Now, set a breakpoint in your ProcessOneWayEvent method, add a task to the list and make an edit to it.  If all goes well your local web service will be called and the breakpoint will hit:

rer-2

Make sure you closely inspect the properties object in the debugger, and get a feel for all the data that’s in there. For this particular event we’ll want to check out ItemEventProperties and ItemEventProperties.AfterProperties for some useful metadata that gets passed into the service.

Deploying your Remote Event Receiver to Azure

When you are ready to deploy to the Internet you can deploy to Azure just like a normal web application. You’ll want to run Add-PnPEventReceiver using the Internet URL to register your event receiver for real, of course.

 

Advertisements

19 thoughts on “Remote Event Receivers – you’re all doing it wrong

  1. Thank you for this article.

    Question tho.
    how can i have the ClientContext?

    my code inside “using (ClientContext clientContext = TokenHelper.CreateRemoteEventReceiverClientContext(properties))”

    is not firing because the properties.ContextToken is null.

    How can i do this?

    Like

      • Hi Derek. Thanks for the article, it was very helpful. I’m wondering if you can shed some light on an issue I’m having. I have a remote event receiver deployed to a Windows Server 2012 box with IIS 8. I have an SP 2013 on-prem install, and I’ve attached an ItemAdded receiver to a library there. I’ve confirmed that the receiver is firing. I’m using your Helpers.GetAuthenticatedContext method to try to grab the context. It seems to blow up for me when it tries to get the context (ClientContext ctx = new ClientContext(siteUrl);). I tried to catch the exception but nothing is showing. Not sure if you have any on-prem experience, but would you know what might be going on here?

        Like

      • Yep, it should work exactly the same in SP 2013. Make sure your site url and credentials are correct. If it’s blowing up at that specific line then I’d guess the URL is improperly formatted. Make sure it’s just the site url with no pages or lists in the url.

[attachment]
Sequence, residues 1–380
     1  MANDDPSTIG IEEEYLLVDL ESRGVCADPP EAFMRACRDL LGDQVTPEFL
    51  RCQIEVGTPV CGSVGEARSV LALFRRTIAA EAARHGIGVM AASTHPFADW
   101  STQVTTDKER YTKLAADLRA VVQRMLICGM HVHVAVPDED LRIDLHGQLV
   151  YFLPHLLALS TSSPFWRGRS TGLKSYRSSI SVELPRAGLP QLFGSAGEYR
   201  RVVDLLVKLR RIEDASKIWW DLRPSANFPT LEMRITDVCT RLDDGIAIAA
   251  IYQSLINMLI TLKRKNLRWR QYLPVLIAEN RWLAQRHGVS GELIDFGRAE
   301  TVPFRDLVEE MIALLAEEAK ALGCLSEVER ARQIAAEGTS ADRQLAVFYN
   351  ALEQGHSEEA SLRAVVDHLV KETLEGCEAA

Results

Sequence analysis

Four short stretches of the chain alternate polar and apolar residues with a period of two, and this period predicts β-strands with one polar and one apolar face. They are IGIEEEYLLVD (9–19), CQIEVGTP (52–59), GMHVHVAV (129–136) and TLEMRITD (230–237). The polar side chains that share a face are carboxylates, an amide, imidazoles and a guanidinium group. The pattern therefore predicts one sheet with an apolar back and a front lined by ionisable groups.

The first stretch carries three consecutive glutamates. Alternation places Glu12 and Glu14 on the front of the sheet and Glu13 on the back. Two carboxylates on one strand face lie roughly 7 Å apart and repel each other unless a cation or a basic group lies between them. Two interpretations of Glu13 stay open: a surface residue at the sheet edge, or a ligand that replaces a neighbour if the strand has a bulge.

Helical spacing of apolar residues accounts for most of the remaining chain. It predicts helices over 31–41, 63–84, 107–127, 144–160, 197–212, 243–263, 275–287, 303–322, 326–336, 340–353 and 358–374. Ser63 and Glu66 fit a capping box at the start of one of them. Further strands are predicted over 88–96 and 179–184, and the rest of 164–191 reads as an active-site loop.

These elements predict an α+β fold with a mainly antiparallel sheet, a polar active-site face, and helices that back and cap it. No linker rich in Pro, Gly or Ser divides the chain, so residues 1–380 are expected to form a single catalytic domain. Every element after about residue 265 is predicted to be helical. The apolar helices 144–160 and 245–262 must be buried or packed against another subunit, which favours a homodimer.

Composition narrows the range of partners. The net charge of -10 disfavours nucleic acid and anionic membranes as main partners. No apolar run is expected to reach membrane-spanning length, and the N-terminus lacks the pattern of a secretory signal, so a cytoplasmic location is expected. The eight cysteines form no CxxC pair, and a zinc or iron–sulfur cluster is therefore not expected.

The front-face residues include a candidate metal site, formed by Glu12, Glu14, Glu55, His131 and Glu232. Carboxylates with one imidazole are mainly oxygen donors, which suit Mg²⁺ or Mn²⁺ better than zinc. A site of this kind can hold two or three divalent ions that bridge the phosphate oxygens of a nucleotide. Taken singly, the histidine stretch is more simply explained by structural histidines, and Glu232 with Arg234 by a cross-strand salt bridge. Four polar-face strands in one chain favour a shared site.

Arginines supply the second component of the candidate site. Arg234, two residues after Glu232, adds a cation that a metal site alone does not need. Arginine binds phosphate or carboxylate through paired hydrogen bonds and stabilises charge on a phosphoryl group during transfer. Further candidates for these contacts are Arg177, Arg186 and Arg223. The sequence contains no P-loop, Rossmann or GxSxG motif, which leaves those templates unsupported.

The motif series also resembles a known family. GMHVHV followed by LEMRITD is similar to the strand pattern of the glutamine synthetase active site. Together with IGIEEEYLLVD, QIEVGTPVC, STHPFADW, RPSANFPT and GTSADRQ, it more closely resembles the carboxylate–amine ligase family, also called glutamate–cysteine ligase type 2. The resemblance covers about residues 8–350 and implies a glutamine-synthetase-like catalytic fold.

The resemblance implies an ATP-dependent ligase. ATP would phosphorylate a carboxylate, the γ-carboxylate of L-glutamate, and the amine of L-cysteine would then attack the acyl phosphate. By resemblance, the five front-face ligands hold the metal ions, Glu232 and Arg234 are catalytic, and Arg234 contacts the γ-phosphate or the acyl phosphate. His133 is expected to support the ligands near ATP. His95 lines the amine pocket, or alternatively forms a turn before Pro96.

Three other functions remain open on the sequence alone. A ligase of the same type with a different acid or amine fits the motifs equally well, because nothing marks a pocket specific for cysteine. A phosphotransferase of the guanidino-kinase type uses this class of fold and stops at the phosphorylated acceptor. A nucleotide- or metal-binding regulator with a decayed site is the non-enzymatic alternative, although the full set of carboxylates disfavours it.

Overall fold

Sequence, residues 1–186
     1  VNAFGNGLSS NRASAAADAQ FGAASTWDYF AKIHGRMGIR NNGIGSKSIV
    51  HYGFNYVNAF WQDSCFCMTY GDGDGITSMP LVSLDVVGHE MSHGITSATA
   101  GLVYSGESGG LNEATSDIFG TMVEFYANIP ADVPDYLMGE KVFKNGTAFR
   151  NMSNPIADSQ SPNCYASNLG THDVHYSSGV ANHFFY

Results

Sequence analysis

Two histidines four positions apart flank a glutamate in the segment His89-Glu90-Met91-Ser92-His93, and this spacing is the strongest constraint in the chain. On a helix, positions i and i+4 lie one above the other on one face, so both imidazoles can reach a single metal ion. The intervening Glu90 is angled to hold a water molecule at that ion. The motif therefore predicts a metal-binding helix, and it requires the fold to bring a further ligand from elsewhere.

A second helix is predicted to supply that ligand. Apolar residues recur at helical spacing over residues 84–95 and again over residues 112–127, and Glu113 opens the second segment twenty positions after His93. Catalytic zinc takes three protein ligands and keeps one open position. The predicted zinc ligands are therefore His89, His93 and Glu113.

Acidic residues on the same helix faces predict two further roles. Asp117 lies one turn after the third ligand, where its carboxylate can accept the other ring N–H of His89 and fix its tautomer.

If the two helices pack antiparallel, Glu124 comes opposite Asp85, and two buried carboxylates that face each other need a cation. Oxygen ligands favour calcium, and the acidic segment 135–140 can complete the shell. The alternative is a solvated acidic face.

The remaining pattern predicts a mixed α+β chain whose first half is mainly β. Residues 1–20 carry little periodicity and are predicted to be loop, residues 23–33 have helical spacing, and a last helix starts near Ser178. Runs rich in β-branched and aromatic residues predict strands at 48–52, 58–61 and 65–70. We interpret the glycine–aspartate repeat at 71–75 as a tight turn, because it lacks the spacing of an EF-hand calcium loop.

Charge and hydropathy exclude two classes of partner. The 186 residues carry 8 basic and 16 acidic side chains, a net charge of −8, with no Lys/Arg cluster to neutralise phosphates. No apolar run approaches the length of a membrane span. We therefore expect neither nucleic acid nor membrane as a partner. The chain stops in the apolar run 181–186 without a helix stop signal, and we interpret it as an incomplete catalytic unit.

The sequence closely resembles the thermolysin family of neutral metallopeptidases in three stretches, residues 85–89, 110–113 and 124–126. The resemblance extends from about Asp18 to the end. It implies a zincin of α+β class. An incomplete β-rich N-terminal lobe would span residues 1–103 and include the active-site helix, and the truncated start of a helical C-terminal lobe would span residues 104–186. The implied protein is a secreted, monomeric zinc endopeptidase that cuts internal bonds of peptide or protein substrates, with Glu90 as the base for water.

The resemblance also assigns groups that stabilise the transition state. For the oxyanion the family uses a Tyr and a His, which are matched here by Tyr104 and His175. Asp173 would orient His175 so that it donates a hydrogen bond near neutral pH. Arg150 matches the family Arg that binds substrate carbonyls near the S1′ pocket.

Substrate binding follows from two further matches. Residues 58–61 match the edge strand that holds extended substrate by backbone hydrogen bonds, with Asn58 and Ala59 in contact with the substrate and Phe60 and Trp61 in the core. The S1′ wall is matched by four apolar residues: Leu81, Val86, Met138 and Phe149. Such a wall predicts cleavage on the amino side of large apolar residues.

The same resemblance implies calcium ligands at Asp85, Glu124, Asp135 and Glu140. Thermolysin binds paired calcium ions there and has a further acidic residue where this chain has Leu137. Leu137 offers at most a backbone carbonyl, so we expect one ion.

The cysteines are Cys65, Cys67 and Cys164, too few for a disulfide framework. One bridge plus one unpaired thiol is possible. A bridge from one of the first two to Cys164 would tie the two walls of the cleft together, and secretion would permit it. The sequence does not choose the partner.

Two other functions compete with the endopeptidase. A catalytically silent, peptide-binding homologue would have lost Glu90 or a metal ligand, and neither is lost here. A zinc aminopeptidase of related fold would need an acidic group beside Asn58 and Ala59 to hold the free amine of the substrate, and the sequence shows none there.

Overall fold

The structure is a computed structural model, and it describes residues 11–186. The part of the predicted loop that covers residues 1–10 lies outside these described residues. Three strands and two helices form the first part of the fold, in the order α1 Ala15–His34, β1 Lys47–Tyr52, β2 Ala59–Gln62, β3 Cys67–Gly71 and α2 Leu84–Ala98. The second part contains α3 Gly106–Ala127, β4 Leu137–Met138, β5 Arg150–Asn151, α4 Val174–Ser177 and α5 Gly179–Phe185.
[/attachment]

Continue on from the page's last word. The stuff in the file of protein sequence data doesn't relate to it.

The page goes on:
Another thing to consider with on-prem would be firewall issues. Can the event receiver reach out to SharePoint? Do they both exist on the same machine? If not, can you ping the SharePoint server from the event receiver server? Also if the on-prem server has non standard authentication setups like ADFS then it might not work.

        Like

  2. Thanks! The receiver server and the SP server are on different boxes, but I was able to ping SP from the receiver server. I did format the url differently and was able to grab the context. I can get list/list item properties, but now I’m blowing up on the ExecuteQuery method. I’m not seeing a specific error in my logs, but I’m guessing this is a permissions issue, would you agree?

    Like

    • There’s probably an error in your code. Try to get your code working in a console app before porting over to the event receiver, and start with a simple concept, then flesh it out until you have it all working.

      Like

  3. It does work fine in a console app. It’s a very simple action. I have it narrowed down to the ExecuteQuery method. That works fine in the console app, but in the receiver (running on the remote server), it fails.

    Like

  4. We are currently working on a demo project to deploy a python flask application as an SER endpoint. We registered the endpoint with the PnP command as shown in your article but we aren’t receiving any packets. Maybe flask doesn’t recognize the WCF protocol. Our next step is to print out the incoming stream of bytes if there is a problem with registering the SER. Do you have any thoughts on that? Especially swapping out ASP.NET with python.

    Like

    • What you are trying should work just fine. There are no special protocols involved. I’ve used a Microsoft Flow as an event receiver and also a .NET MVC endpoint, and there’s a guy online who did it with Azure Functions. A few troubleshooting steps: Make sure the RER is actually registered and attached to the event you’re expecting (Get-PnpEventReciever or something like that). Next, make sure your Python app is exposed to the internet because the requests are actually coming from SharePoint Online. So if your application is inside a firewall it won’t work. If all that’s wired up you should at least be able to see the traffic coming in. Good luck!

      Like

  5. Hi derek, thanks for your quick reply. We discovered, that it is only possible to wire an event receiver to an endpoint listening on port 80. The problem was that we previously tried to wire the RER to our endpoint listening on port 5000, ofc publicly available. Tested with SharePoint Online.

    Sadly SharePoint Online communicates via SOAP. I don’t come from a microsoft background but I read that WCF 4.0 (https://en.wikipedia.org/wiki/Windows_Communication_Foundation#Interoperability) supports the JSON format compared to this non-modern XML syntax. Do you know if it is possible to force SharePoint Online communication via JSON instead of XML?